Archive for November 3rd, 2010
I don’t know if this photo connects with the current theme, but for me, it begged to be included. I took the photo at China Dinosaur Park. Though the dinosaurs are all “constructed” and the scene is “staged,” the sense of a time before man, before consciousness. And, I wanted to include the photo simply because I like it for all of its artificialness. After all, even our churches are only artificial representations of what we experience within our human psyche.
Another look at the image changes my mind and I see something arising out of the primordial earth, a trinity of hooks which appear ready to snag and hold fast the unwary, like some trap set by an ancient human race.
“The problem sketched here is particularly acute among the world’s currently reigning monotheisms: Christianity, Judaism and Islam. Here three distinct and transcendent Gods with three distinct revelations – each with absolute claims to universal implementation as the condition of humanity’s salvation, and with immense numbers of devotees – face each other in a shrinking globe with obviously increasing enmity. Though this enmity may be less evident (though not always) in their sacred texts and interpretive theologies, the loss of life attendant upon these faiths, reported almost daily in the media, should make this enmity impossible to be concealed any longer, even from the eyes of faith.” (Dourley, The Illness That We Are, p. 11)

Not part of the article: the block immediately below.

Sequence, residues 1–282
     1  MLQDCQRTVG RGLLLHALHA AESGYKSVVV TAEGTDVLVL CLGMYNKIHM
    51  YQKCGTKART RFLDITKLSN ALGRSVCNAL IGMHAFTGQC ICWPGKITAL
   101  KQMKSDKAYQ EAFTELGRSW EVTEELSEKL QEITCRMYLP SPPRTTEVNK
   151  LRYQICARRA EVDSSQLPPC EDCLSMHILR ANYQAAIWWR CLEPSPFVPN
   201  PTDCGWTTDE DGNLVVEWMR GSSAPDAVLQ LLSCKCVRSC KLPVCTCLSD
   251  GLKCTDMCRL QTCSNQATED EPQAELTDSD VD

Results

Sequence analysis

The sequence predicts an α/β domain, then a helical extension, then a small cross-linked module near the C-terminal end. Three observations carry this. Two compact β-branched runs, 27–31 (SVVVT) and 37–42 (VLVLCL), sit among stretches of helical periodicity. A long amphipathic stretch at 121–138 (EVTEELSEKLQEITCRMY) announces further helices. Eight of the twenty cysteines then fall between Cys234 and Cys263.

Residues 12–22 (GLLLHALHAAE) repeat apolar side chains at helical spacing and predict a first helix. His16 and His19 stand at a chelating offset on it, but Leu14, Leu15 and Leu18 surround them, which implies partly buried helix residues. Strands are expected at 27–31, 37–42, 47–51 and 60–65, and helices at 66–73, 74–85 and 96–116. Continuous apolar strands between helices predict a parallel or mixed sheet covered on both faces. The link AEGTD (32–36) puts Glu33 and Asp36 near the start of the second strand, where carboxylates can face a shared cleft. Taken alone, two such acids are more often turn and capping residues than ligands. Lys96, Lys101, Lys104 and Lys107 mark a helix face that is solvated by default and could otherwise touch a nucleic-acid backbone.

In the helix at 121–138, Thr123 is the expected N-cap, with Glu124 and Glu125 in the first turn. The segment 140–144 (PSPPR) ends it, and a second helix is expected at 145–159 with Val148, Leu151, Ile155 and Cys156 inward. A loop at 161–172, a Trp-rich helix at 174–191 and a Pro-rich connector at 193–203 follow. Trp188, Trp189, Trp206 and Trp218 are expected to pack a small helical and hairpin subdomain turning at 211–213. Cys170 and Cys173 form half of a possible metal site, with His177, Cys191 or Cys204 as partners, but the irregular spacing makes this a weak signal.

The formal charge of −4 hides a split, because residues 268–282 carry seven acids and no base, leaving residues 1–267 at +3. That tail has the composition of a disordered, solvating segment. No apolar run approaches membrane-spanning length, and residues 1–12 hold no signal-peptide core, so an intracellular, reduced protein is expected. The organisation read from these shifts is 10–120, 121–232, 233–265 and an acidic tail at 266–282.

For myself, the draw to any of these “faiths” has been ruptured beyond repair. At this point in my thinking and my life, I don’t have the same hope as Dourley has in terms of Christianity, or any religion, coming to grips with this harsh truth and making the necessary changes to transcend its “present configuration” in order to become a more inclusive assembly of humanity.
Our illness is manifested in our unwillingness to take individual responsibility for our own souls, for our relationship with others. Our illness is pathological in that we make our collective responsible for our individual well-being and in making the “other” collectives holders of all the evil that we refuse to see in ourselves.